Sunday, March 13, 2016

James Babbs- Three Poems

James Babbs continues to live and write from the same small Illinois town where he grew up.  He has published hundreds of poems over the past thirty years and, recently, a few short stories.  James is the author of Disturbing The Light(2013) & The Weight of Invisible Things(2013).

Where I Live

you see cows gathered in pastures
cows staring back at you
with their large dreamy eyes
beautiful horses standing like statues
with beautiful women on their backs
sometimes the bodies of dead pigs
dead pigs bloated
their legs pointed toward the sky
the acres of corn
bean fields and
rows of corn growing so tall
you have to slow down
sometimes at the crossroads
and watch out for approaching cars
trees everywhere
trees in the summertime
so green and full
the sky
the persistent sound of birds
and the wide open spaces
where you feel like you can breathe
wide open spaces
not such a bad place
plenty of space for you to move around
but sometimes you get stuck
you get stuck driving
behind slow-moving tractors
stuck behind big farm trucks
hauling loads of grain into town
you get stuck thinking
it’s some place not good enough
a different kind of place
sometimes you wish
you were some place other than this

Frog In the Mailbox

there we were again
drinking cheap red wine
sitting out on the back deck
under the fading evening light
she told me
she’d had a busy week at work
Missy or Misty or somebody was gone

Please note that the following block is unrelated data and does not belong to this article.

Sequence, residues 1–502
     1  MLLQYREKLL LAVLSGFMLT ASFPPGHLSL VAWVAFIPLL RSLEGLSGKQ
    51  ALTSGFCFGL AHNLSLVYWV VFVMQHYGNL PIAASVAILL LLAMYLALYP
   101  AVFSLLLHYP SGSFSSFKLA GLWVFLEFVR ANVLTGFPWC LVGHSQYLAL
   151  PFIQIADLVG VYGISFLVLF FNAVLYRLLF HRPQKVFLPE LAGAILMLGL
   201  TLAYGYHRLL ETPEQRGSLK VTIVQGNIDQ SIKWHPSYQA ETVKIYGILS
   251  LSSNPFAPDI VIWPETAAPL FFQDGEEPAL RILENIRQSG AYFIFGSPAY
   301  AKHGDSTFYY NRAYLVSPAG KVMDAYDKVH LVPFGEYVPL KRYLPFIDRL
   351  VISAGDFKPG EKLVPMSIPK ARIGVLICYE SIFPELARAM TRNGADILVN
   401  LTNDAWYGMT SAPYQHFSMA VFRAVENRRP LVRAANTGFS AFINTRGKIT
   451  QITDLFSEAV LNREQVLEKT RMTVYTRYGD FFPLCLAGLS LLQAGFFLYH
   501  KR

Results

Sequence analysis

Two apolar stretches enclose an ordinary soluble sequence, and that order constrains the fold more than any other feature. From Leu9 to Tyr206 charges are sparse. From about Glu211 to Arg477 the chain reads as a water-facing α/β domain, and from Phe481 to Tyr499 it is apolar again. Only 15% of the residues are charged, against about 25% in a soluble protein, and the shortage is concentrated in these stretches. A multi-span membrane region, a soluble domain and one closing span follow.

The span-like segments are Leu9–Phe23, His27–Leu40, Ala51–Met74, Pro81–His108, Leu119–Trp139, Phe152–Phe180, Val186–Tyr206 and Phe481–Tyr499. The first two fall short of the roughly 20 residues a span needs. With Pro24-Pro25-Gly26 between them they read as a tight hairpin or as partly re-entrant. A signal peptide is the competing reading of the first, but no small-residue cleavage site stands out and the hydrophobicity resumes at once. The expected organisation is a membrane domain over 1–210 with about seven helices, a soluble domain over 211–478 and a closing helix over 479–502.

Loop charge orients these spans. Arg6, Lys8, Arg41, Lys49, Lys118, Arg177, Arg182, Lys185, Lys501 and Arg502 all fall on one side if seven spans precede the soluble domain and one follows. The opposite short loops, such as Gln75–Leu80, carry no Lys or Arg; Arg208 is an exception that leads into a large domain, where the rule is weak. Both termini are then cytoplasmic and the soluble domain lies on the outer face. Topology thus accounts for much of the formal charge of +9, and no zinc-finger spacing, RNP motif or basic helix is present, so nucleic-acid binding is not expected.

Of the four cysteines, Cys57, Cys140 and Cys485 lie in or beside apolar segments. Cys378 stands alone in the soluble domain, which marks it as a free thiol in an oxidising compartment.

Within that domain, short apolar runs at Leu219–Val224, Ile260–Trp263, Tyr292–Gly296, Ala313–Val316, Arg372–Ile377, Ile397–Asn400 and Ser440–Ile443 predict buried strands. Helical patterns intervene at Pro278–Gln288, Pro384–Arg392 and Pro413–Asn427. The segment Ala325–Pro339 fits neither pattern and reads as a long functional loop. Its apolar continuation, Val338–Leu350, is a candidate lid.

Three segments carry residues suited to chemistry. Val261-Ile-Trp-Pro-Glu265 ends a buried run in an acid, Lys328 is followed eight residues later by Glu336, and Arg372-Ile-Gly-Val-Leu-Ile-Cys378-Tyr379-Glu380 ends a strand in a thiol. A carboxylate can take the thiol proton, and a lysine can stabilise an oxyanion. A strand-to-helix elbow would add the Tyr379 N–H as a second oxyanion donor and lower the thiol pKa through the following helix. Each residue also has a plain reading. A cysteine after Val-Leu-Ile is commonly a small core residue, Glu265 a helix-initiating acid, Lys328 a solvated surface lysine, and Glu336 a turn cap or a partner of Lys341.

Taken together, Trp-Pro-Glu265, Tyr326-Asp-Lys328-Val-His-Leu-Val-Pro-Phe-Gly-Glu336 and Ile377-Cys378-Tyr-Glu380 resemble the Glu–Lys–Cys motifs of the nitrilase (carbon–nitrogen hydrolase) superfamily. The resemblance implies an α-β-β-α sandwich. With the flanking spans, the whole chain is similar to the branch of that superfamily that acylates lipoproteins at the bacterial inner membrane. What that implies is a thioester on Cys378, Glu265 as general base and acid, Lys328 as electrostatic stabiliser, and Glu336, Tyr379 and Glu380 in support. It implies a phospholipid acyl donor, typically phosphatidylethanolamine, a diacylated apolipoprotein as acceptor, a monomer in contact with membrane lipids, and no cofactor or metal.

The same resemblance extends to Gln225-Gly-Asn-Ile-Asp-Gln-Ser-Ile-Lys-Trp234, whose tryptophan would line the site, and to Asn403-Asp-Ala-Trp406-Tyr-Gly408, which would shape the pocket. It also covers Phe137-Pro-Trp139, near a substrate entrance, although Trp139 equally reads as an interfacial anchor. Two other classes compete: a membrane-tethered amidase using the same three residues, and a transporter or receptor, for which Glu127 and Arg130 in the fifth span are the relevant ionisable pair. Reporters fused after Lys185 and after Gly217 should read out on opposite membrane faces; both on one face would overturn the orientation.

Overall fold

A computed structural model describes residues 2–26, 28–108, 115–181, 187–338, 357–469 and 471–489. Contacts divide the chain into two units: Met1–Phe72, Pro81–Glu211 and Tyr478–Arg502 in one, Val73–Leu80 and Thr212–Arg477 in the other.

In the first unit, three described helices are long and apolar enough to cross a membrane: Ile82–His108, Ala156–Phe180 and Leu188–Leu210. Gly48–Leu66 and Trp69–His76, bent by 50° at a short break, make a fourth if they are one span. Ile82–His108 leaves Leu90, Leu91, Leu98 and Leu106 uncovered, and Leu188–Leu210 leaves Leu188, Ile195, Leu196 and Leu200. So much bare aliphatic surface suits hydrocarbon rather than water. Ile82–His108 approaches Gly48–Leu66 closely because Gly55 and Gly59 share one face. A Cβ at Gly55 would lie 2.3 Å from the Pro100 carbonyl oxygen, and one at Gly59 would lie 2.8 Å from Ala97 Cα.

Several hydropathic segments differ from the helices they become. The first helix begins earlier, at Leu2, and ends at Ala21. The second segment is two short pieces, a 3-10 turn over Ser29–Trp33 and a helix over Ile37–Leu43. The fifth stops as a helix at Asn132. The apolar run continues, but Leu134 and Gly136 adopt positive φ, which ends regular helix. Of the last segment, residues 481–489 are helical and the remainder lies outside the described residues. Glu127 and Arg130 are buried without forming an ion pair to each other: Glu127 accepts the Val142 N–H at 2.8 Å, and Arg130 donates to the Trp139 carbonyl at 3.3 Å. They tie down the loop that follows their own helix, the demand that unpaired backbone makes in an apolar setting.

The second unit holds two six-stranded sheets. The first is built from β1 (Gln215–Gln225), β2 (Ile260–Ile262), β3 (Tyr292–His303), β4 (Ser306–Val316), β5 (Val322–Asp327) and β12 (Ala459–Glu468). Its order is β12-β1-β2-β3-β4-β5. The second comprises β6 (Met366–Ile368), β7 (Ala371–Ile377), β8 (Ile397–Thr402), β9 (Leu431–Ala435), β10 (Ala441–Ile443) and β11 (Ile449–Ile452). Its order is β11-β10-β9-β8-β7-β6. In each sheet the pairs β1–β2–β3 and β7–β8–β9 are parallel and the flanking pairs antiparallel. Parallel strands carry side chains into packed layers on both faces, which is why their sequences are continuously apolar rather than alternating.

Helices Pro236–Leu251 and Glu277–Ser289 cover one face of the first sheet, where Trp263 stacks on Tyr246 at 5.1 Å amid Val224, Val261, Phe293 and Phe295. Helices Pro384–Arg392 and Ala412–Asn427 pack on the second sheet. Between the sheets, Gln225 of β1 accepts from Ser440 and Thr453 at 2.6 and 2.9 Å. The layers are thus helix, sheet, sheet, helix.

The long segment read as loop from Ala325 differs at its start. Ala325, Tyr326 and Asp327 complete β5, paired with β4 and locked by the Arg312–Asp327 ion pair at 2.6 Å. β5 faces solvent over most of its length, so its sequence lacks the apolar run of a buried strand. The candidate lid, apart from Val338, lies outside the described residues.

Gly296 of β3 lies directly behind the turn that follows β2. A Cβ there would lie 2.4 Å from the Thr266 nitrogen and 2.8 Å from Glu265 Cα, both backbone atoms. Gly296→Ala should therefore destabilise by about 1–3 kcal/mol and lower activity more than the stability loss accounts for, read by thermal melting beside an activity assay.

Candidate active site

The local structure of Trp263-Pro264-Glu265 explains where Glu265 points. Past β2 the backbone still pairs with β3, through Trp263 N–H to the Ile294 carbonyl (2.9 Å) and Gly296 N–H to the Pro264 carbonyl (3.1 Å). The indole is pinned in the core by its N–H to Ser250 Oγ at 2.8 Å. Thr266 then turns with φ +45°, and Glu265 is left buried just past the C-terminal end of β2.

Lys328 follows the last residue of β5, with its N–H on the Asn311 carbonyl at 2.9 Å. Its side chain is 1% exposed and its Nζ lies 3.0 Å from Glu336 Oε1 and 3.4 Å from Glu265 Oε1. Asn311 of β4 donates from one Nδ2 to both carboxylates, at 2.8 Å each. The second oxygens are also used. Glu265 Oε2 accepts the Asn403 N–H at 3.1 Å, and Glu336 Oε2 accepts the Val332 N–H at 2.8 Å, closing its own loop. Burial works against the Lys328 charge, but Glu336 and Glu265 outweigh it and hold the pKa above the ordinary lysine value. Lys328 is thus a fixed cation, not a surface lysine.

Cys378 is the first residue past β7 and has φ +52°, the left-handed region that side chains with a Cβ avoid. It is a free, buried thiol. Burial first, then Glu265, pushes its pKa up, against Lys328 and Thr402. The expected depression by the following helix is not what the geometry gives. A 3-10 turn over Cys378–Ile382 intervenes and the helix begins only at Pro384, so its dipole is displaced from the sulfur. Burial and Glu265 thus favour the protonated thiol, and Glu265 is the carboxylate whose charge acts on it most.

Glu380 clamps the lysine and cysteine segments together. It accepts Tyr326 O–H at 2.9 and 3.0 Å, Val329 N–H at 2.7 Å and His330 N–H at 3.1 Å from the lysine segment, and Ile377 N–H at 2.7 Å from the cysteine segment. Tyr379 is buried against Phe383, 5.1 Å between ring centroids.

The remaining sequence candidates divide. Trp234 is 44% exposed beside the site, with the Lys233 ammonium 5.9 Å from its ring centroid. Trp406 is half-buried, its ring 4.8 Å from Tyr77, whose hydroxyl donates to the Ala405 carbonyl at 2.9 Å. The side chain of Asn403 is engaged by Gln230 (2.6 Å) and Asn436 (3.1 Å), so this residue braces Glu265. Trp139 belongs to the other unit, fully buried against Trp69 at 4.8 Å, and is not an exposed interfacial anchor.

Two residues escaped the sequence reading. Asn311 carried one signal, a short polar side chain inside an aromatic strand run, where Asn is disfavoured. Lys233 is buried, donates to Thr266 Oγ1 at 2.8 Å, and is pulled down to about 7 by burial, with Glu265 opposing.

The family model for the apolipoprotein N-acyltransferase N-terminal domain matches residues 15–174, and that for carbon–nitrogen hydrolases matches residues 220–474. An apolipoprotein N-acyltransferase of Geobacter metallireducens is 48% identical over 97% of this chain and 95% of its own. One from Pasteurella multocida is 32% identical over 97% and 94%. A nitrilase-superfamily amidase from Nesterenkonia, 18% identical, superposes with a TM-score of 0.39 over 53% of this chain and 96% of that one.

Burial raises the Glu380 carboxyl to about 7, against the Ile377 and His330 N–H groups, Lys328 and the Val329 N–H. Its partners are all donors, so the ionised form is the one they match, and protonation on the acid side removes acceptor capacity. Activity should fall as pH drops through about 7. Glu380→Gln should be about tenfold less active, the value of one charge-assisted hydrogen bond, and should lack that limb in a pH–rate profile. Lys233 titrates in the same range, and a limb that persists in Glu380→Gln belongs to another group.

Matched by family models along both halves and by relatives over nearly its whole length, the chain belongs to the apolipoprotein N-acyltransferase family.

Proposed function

and we’re short-handed anyway
she said
and they won’t hire any more people
they just expect us to do it all
I picked up the bottle
and refilled my glass
what about you she asked
oh I said you know
the same old thing
sort the mail
deliver the mail
the next day
do it all over again
she laughed
and held up her glass
I leaned forward
poured her more wine
I said the other day
I found a frog
in somebody’s mailbox
what she said
I laughed
yeah I said
when I opened the door
a little frog
about the size of my thumb
was sitting in there
what did you do she asked
nothing I said
stuck the mail in there
and closed the door
she laughed
slowly sipped her wine
I didn’t say anymore
I just sat back in my chair
and looked up at the sky
there wasn’t much light left
not much light at all

Up Ahead

I see windmills facing west
blades slowly turning
beneath the cloud-filled sky
shades of gray
the hint of rain
clouds almost close enough
for me to touch
dead deer sprawled
at the edge of the road
head eaten away
tall grass trampled on
last night
I told you
how much I loved you and
you just sat there
peering through the window
without saying anything

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